Two that immediately come to mind are Dennis Wideman and Michael Ryder. Wideman and the coaching staff know that he needs to bring up his intensity, his compete-level as they call it, if he is going to return to prior form as a productive member of the team.

“We are almost 50 games in now and you have to take charge of the situation and bring you intensity level up,” head coach Claude Julien said. “Because if you are going to play like a (number) five or six then that is the ice time you are going to get ice time wise. It is pretty simple. We have to do the right things for our hockey club and he needs to pick up his game. He knows it, he wants to, but he has got to understand that his intensity and his compete-level have to be higher.”

For the normally sharp-shooting defenseman, it may be his head that is getting in the way.

“It is probably more mental than anything,” Wideman said. “I have got to start practicing a little better and hopefully I carry if over into the game . . . I have been in slumps when I have not been scoring or playing this well, but never this long. It is tough to be confident you are playing that way.”

Wideman has 14 points on the year and has no reasonable shot of matching his career-high 50 points from last season, even if he does turn on the light and become a point-a-game player for the remainder of the season. His plus/minus of – 8 is tied for the worst on the team (Byron Bitz).

“When you are tied for the lead in the minus department of you hockey club you have to look at yourself and ask ‘is that really me?’” Julien said.

For a guy who averages around 23:00 minutes of ice time per game, that is a number that is not acceptable. Especially from a guy who should be the number two defenseman on the roster behind captain Zdeno Chara.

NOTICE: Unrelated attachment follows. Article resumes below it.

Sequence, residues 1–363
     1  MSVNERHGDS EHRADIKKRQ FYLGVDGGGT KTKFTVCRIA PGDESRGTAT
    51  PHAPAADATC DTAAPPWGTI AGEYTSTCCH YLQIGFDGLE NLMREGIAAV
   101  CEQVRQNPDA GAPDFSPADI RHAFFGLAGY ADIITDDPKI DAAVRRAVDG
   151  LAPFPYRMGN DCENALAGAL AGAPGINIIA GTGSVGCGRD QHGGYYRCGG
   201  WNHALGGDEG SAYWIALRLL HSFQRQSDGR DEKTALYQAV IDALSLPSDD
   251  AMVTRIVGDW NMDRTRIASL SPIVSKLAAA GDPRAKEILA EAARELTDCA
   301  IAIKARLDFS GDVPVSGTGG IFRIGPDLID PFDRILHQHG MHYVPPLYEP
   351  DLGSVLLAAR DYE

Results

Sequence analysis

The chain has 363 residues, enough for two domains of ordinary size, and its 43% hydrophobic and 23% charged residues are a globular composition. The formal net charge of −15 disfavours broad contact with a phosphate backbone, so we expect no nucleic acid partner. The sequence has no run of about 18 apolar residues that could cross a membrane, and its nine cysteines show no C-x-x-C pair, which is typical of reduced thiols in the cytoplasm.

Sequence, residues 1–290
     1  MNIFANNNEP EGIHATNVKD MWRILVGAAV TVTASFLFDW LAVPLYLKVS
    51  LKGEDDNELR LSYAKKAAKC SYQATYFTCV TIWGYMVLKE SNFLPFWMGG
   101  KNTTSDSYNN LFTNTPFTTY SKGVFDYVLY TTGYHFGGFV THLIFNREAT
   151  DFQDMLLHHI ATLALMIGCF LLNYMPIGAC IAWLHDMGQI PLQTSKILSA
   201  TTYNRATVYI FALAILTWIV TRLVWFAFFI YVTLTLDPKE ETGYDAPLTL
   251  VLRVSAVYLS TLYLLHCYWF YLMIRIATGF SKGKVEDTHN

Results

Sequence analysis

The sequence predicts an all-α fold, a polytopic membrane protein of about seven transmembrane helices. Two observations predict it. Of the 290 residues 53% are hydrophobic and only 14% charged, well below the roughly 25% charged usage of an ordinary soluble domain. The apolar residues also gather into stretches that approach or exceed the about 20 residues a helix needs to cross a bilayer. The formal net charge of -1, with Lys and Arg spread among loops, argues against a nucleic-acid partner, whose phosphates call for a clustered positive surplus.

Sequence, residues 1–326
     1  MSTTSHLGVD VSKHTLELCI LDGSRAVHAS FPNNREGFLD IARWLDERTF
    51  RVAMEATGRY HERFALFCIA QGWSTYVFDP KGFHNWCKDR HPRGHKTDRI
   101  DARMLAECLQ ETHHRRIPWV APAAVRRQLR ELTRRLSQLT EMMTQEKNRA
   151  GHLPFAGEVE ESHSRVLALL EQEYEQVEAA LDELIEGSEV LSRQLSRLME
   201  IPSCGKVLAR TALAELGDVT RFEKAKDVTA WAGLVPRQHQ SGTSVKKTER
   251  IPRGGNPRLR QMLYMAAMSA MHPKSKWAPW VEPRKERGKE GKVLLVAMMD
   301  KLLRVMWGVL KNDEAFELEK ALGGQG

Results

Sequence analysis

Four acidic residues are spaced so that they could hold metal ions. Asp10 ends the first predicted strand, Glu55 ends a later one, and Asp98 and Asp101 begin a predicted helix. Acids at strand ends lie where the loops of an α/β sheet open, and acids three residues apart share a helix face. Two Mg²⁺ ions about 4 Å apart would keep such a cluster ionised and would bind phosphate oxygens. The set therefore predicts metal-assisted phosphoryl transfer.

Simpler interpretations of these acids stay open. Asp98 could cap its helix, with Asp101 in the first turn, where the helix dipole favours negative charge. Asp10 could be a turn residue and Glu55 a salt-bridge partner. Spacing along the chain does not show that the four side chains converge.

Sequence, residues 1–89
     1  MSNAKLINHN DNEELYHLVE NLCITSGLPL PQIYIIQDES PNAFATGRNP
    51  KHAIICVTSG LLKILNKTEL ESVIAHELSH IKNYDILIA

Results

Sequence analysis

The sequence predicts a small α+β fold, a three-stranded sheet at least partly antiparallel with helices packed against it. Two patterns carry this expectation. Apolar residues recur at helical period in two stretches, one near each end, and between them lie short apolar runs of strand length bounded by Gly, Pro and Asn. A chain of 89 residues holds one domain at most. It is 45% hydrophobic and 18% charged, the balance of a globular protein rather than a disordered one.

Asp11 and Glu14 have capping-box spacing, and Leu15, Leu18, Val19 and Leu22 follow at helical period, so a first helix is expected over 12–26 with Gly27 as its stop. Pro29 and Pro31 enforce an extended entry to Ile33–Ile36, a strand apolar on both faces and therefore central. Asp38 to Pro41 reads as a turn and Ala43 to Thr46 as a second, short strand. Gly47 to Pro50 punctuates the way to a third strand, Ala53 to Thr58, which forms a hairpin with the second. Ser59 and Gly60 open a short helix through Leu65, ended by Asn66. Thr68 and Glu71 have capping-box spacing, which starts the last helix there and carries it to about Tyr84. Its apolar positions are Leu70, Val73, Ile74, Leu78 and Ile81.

On the other hand is Ryder, who has 19 points (11 goals, 8 assists) and has been having trouble not just finding the net but also finding the puck to shoot. He has been held shot-less in two of the last four games.

“It is always tough when you are supposed to score and you are not producing and you definitely take it upon your self where you just have to start doing it,” Ryder said. “I’ve got to make sure that I play better.”

Ryder had 27 goals and 53 points last year and he will also be hard pressed to even approach those totals the rest of this season.

The Bruins have the potential on the roster to turn from where they are at now, a mediocre hockey club searching for a spark, to something more like what they were last year. If Ryder and Wideman can find their grooves and combine that with players returning from the infirmary, it would be a start in the right direction. Yet, as Julien said, the whole team needs to bring its compete level up.

“It is one of those things that, if you bring your compete level up, you have a chance,” Julien said. “We have a lot of guys out of our lineup but you have to hope that they guys that you have in your lineup, that their compete level is where it should be. We should make a game out of it. We didn’t make a game out of it last game and we look to rebound from that.”

Read More: Dennis Wideman, Michael Ryder,